She wishes NU understood the unique circumstances some students have faced and said University accommodations, like credit/no credit grading, were helpful but too short-lived. Even though the U.S. has started moving on from COVID restrictions, Bhagat said NU should be more cognizant that its students are not all going at the same pace. 

Takeaways and looking forward

At the beginning of her senior year, Voraprukpisut planned to return to Thailand to work after graduating. But after enjoying her first quarter back on campus, she changed her plans. 

“I’m so not ready to go into the real world, especially because I didn’t have that time (to experience college),” Voraprukpisut said. “In Thailand, we had curfews and we were in lockdown for basically the whole two years, so I felt like I didn’t grow at all.”

As a result, Voraprukpisut decided to attend graduate school at NU, which she said she hopes will give her more time to grow before entering the workforce.

During the course of the pandemic, four in 10 U.S. adults reported symptoms of anxiety or depressive disorder. While some students said their mental health suffered, others said the pandemic gave them an opportunity to prioritize mental health. 

“My mental health through COVID got so much better because of the amount of free time that I’ve had,” Shonik said. “It was the first time where I had the opportunity to go to therapy regularly and it was the first time that I had time. I’m grateful that I took that opportunity to work on myself.”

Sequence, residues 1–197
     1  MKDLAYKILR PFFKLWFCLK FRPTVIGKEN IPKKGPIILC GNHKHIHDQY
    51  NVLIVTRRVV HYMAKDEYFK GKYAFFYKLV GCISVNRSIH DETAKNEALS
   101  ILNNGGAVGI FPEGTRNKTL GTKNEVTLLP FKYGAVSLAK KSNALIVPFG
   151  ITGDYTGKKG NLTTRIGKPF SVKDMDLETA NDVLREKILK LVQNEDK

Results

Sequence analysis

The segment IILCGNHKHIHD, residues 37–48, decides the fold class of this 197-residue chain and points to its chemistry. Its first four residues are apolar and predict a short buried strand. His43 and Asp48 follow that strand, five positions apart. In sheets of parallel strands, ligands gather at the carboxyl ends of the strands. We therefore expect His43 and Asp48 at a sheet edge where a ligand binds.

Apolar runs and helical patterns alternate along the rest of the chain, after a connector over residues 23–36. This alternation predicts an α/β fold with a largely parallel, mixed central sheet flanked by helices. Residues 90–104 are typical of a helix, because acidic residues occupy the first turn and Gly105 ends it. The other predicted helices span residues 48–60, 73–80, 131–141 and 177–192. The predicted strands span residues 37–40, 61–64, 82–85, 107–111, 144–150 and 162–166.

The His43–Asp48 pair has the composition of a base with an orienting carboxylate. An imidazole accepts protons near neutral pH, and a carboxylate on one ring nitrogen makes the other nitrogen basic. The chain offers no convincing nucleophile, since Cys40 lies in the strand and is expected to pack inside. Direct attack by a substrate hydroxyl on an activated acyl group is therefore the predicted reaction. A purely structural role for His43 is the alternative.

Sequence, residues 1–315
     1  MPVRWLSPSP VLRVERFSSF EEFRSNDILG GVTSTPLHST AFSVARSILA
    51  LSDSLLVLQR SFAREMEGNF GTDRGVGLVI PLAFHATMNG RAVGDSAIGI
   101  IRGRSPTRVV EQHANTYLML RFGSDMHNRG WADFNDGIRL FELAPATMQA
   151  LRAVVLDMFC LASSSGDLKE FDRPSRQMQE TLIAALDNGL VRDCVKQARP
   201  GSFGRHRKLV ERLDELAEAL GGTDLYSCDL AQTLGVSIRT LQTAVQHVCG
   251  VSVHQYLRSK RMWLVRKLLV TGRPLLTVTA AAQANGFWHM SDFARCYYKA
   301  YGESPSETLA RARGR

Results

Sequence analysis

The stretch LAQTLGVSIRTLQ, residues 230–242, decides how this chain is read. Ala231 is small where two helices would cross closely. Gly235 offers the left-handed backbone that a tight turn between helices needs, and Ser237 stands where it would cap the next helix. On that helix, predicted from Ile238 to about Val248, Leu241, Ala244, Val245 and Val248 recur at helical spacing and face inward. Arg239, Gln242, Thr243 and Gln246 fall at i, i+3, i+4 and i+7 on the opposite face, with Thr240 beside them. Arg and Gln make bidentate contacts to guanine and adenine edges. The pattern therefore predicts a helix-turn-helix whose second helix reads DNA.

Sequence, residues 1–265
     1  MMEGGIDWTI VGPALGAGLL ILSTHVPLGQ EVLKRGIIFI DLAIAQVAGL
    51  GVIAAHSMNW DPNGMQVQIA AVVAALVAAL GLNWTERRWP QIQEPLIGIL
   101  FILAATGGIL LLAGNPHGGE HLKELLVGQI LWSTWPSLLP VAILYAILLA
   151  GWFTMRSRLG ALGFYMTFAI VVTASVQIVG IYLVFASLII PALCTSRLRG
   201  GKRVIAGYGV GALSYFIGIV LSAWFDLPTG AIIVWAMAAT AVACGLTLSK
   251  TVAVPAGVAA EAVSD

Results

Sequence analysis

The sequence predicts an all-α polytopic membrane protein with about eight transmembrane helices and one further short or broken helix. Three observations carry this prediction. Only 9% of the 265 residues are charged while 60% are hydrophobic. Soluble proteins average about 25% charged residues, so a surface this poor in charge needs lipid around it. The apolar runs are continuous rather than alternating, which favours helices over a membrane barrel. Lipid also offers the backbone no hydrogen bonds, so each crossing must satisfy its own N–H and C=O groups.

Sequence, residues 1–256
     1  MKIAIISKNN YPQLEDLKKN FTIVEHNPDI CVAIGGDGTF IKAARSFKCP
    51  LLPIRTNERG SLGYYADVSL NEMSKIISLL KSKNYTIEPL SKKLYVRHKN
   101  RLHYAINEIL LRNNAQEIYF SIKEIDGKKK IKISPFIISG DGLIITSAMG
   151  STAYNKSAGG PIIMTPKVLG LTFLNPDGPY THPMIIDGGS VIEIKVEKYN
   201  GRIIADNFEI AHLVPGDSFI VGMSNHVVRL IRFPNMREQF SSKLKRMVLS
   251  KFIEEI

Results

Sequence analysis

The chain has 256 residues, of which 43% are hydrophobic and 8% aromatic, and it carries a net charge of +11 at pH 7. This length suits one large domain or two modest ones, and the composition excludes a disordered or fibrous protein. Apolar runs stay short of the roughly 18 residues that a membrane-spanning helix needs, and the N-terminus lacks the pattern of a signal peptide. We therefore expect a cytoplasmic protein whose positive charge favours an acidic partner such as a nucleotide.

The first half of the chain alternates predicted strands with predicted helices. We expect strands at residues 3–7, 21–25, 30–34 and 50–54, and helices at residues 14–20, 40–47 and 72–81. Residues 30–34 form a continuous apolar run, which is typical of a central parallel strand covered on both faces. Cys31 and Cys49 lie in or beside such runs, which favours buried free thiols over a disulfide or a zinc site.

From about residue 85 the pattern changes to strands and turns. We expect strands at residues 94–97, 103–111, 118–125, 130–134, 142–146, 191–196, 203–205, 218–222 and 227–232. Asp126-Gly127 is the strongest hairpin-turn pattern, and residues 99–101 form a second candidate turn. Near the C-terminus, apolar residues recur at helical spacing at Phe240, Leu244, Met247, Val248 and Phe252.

For professors, the pandemic impacted some of their approaches to teaching. Communication Prof. Sommer said while it was difficult to keep students engaged over Zoom, she has also learned some strategies she hopes to incorporate into in-person instruction as well, like small group discussions.

Sommer said she felt exhilarated teaching her first in-person class since the pandemic started. 

“I remember vividly the first class where we were back in-person that students were almost giddy,” Sommer said. “They were just sitting there like, ‘Whoa, we’ve spent our first year of grad school on Zoom and now we’re here next to each other.’”

Email: [email protected]  

Twitter: @CarolineLBrew

Email: [email protected]

Twitter: @joannah_11

Related Stories: 

Two years later: Northwestern’s COVID-19 story, as told by testing data

Faculty members, teacher’s assistants express concerns about lifted mask mandate in classrooms

Students express mixed opinions on removal of mask mandate